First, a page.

by Karen Karlitz


             I was a senior in high school during the sixties, and madly in love with a boy a year older than me. Had I scoured all five boroughs of New York  I couldn't have found a more perfect imperfect object for my affections. Morgan was crazy as a loon, with the common sense of a mackerel and the emotional stability of a canary. But believing love could conquer all (and spurred on by songs like “Somebody to Love” and “He's Not a Rebel” blasting from my transistor radio), I ignored his limitations. Instead I focused on his movie star handsomeness, extraordinary SAT scores, magical kisses, and that he said he loved me too.

             One afternoon after getting home from school, the telephone rang.         “Debbie Kramer?” an unknown voice asked.

            “That's me.”

            “This is Nurse Reynolds at Elmhurst General Hospital. I've been authorized by Dr. Alfred Eisner to give you clearance to visit Morgan Larchinson.”

            I had to think for a minute; no one ever used Morgan's last name. He was always just Morgan, like Cher or Twiggy.

            “When should I come?”

            “Visiting is between two and six. Today is fine.”

            I was excited. I hadn't seen Morgan in six months, not since he “went away.” In my mind there was nothing more romantic than visiting your boyfriend in a mental hospital.

            I must admit I did have some trepidation as I rode on the subway, then walked the four long blocks to the hospital. I'd never been inside a mental institution, though I'd seen many in the movies. Instead of my usual all black, I wore a yellow sweater and navy pantsuit. I fretted over not dressing properly for the occasion, but then bigger and better anxieties began swirling in my gray matter.

            Would he be different than before? Would he act like the psychos in the movies? Would the hospital staff bear uncanny resemblances to Jack Palance and Joan Crawford?  Would there be a bunch of lunatics running around? My mind was awash in worry as I approached the intimidating, solemn brick building, but there wasn't much time to ponder. As soon as I stepped off the elevator onto the seventh floor, Morgan leaped out from the right side and landed squarely in front of me. Evidently, he'd been waiting for my arrival to pounce.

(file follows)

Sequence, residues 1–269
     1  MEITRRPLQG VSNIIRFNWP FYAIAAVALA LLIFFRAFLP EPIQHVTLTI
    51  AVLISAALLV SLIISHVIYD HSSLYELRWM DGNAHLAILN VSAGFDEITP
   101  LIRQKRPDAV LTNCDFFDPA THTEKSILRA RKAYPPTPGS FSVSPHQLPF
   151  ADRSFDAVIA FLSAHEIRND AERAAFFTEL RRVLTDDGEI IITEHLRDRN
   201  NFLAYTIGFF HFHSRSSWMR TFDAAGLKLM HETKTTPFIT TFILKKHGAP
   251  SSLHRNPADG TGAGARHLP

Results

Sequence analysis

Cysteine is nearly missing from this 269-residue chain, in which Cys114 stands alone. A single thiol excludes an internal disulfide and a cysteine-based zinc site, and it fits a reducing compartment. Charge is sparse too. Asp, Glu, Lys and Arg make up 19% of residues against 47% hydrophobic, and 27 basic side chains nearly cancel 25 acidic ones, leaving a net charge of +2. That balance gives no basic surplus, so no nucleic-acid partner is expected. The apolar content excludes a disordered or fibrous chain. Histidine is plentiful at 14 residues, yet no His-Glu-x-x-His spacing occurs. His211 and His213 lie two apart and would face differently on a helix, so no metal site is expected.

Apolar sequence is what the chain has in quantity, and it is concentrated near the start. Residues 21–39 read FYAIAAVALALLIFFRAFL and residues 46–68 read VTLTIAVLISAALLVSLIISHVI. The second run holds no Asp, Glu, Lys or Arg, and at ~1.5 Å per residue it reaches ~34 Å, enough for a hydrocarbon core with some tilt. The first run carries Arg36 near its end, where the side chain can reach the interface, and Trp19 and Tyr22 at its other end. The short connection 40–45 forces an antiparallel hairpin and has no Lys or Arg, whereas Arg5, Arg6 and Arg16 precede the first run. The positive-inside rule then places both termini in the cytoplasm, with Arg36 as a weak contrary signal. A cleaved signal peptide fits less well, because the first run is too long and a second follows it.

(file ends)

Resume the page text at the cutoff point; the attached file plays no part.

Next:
“You scared me to death,” I said, panting with fear.

            “Just doing an imitation of a mental patient.” He laughed manically. “Hey, let's go out for a while. Alfred said we can.”

            We went down in the elevator, sparing me from seeing the ward, but Morgan was awfully jumpy, nothing like he used to be. I was starting to think it was a mistake to come. We exited the hospital.

            “Grand! This is grand!” He looked up, flinging his open arms to the bright blue sky, then turned to me. “It's grand to be alive, aye Deb.”

            I was speechless. How was I to deal with this pale, crazy stranger? If I took off, I'd hurt his feelings, possibly plunge him into a psychotic fit. I thought of how I might fake a sudden and serious illness, and wondered how all the girls I knew had had the sense to steer clear of him.

            “Let's get a Coke. Do you have money? Alfred won't let us have any. He thinks if we have money, we'll try to escape.” He blinked a lot and now spoke with a Southern accent. Creep-y.

            “Okay,” I said, without enthusiasm.

            “You're always so nice,” he drawled. He sounded more and more like a mental patient every minute. I felt like making a run for it.

            He stopped walking and stared at me: “You know, you're pretty.” His voice grew louder, and people looked in our direction. “And you have a great ass.” Oh, my God! 

          “You know something?” He walked behind me and leered. “I should have porked you before they put me in here.”

          An elderly man passing by snickered; the woman he was with put her hand over her mouth.

            I finally had to face the facts: Morgan was mentally sautéed, disqualifying him from the good husband material pool, which at the time was of considerable import. Not playing with a full deck to begin with, he had taken one too many LSD trips. And while he wasn't flying off roofs yet, even if he didn't swallow another tab, the damage was done. His problems wouldn't go away. So I did. I never saw him again.

          Years passed when a rumor circulated that Morgan was stabbed in the stomach with a kitchen knife while saving a nurse from an attack by a fellow patient. Surviving serious injury, he was put on permanent disability and achieved hero status in the ward. Most of those who knew him felt the story was pure fabrication. Decades later, I still choose to believe it was true.